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By Danny O'Neil

See why the Seahawks were willing to trade that first-round pick?

You should now after a first round that was more remarkable for the number of playmakers who were passed over than the ones who were chosen.

There wasn't a single running back among the first 32 players chosen on Thursday, the first time no running back was taken in the first round of an NFL Draft since 1963. Only two wideouts were picked in the first round. The first quarterback taken was E.J. Manuel at No. 16 overall, the first time since 2000 that no one at that most important position was among the first 15 selections.

And when you consider why Seattle was willing to give up its first-round pick as part of the three-pick package to acquire the right to pay Percy Harvin a small fortune, you have to consider the value of the No. 25 overall pick that Seattle sacrificed.

In this case, it was Datone Jones, a defensive lineman from UCLA who excelled as a senior under Jim Mora and tested well in February at the NFL scouting combine, but was not even an all-conference honorable mention selection as a junior for the Bruins in 2011.

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Trading up to select Tavon Austin at No. 8 cost the Rams a similar amount of draft-pick compensation as what the Seahawks gave up for Percy Harvin. (AP)
And to truly understand Seattle's willingness to give up so much to acquire Harvin, you have to look at what a similarly versatile player in this draft commanded.

Tavon Austin from West Virginia was chosen No. 8 overall, a prize the St. Louis Rams traded up for. They gave up their second- and seventh-round picks to Buffalo to move up from No. 16 to No. 8 to nab Austin before the Jets could at No. 9. The Rams and Bills also swapped third-round picks – St. Louis moving up from the 16th pick of that round to the ninth – to round out the deal.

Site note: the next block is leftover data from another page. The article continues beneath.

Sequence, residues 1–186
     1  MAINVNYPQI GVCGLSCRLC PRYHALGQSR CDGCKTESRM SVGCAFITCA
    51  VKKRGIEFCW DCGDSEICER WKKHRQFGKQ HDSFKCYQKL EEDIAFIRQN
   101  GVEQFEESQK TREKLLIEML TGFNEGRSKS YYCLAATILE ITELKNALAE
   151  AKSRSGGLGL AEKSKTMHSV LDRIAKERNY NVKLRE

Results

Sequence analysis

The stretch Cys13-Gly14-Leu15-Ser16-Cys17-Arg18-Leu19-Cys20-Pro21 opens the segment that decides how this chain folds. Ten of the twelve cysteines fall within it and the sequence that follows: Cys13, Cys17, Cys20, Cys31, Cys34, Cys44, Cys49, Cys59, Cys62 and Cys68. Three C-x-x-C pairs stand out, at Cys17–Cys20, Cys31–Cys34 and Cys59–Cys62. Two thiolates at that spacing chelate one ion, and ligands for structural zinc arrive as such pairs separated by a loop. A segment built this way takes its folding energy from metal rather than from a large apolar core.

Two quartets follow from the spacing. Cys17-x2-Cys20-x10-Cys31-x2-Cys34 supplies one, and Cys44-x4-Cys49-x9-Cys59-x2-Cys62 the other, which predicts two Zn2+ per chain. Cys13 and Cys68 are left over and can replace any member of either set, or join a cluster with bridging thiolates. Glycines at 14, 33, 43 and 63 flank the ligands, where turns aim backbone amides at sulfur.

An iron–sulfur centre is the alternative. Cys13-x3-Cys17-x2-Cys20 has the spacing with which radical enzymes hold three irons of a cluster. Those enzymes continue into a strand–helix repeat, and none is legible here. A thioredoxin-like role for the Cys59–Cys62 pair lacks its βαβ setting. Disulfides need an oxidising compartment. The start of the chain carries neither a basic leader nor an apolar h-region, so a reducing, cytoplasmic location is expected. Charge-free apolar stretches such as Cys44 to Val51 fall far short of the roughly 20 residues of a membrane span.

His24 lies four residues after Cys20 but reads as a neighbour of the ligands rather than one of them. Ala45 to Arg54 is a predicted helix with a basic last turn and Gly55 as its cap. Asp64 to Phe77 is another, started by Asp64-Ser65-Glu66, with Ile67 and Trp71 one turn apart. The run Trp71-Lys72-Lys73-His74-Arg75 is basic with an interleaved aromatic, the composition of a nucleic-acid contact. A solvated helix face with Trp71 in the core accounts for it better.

Take a moment to consider that: The Rams essentially cashed in a first-, second- and seventh-round pick and came away with the dynamic but undersized Austin. The Seahawks gave up a first- and seventh-round pick this year and a third-rounder next year to land Harvin, who was only an MVP candidate after eight games a year ago.

Now, the comparison is not perfect. Austin is nearly four years younger than Harvin and is significantly cheaper with a rookie contract. Harvin is significantly bigger, though, and he has a proven track record.

This is not to say that Seattle got more bang for its buck than St. Louis or that the Seahawks came away with the better deal. Seattle paid through the nose for Harvin, first in the draft compensation to acquire him and then with the contract that ranks among the 10 richest for a wide receiver in the league.

The reason why the Seahawks were willing to pay that price became more evident when you saw the blue-collar tint of the first round. Three of the first four players chosen in this year's draft were offensive tackles, and the first seven players picked all played at the line of scrimmage, either on offense or defense. There were nine offensive linemen chosen in the first round – more than any year since the NFL-AFL merger.

If Seattle was going to acquire a playmaker in this draft – someone to add to an offense with a developing young quarterback – it wasn't going to find an instant-impact player at No. 25. Thursday's first round made that pretty obvious.

As valuable as draft picks are in the NFL, they are only worth the player that you can ultimately choose at that spot, and when you look at the options that would have been available to Seattle had it stayed at No. 25, it's hard not to think the Seahawks made the most of that pick by trading it away to acquire Harvin.

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